Frank Matcham was born in Devon the son of a brewery clerk. He was brought up in Torquay where he went to Babbacombe school. In 1868 he became apprenticed to George Bridgman a local builder and architect. In the mid 1870’s he moved to London to join the architectural practice of Jethro Robinson who was consulting theatre architect to the Lord Chamberlain.
In 1877 Matcham married Robinson’s daughter and the following year when Robinson died suddenly, the 24 year old Matcham found himself taking over the practise.
His first major job was to complete the Elephant and Castle Theatre which Robinson had started. Following this, Matcham went from success to success and over the next 30 years he became unrivalled as the most prolific theatre architect of all time.
It is impossible to be definitive as to his total output, but on current research we can say that he designed at least 80 theatres as original architect and he refitted or worked on at least as many again. He also designed some pubs, cinemas, hotels and notably the County Arcade in Leeds, and the Tower Ballroom and Circus in Blackpool.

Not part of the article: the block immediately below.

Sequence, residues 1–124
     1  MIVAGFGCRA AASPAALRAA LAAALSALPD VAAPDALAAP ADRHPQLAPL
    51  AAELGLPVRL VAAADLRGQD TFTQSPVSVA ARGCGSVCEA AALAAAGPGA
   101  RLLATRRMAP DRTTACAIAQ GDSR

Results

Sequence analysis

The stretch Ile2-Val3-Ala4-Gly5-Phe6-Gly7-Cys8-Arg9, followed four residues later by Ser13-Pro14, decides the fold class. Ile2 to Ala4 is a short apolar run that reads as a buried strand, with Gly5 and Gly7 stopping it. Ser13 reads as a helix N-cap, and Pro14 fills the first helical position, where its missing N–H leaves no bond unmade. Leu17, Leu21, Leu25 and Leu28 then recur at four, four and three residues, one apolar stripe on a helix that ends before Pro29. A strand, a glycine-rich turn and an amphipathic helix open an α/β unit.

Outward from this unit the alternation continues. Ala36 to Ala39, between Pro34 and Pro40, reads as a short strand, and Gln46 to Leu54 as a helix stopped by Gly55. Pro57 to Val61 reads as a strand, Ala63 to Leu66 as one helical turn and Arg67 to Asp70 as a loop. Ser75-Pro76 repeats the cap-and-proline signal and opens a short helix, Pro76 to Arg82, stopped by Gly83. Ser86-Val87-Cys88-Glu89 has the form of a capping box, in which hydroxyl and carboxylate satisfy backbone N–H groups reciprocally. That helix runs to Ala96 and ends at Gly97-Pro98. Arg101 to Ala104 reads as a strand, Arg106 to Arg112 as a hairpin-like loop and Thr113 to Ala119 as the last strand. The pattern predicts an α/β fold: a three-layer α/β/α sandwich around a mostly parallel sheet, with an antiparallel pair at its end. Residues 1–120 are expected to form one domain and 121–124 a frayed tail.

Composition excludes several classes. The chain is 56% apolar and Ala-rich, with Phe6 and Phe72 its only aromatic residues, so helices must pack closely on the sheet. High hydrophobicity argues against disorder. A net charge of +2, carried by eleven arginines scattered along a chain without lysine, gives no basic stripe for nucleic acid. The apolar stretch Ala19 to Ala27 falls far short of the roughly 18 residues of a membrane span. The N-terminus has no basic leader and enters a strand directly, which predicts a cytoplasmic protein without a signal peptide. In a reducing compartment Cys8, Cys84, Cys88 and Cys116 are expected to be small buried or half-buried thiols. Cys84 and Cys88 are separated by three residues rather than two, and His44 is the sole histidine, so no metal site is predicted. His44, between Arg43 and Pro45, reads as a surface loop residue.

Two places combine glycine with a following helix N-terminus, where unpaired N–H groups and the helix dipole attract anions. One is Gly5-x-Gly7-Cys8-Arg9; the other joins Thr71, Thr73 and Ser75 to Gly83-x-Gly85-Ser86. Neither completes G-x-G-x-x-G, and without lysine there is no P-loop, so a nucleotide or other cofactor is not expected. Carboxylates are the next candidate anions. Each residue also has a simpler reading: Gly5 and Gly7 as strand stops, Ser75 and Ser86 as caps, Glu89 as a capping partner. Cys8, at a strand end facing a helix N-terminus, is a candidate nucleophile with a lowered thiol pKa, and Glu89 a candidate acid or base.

Sadly, only some two dozen of his theatres survive with a further dozen having been drastically altered as bingo halls, nightclubs, cinemas, etc.
Matcham never qualified as an architect and was snubbed by many in his profession, but he became the supreme example of his craft. Despite his vast output each theatre was unique, and his ability to produce magnificent theatres on difficult sites speedily and economically led him to become highly respected by theatre owners and managers. He developed close relationships with several, especially Sir Oswald Stoll for whom he designed his supreme masterpiece the London Coliseum in 1904 as the flagship venue for his chain of theatres and Music Halls. Happily this theatre survives largely intact as the home of the English National Opera and was magnificently restored for the centenary in 2004.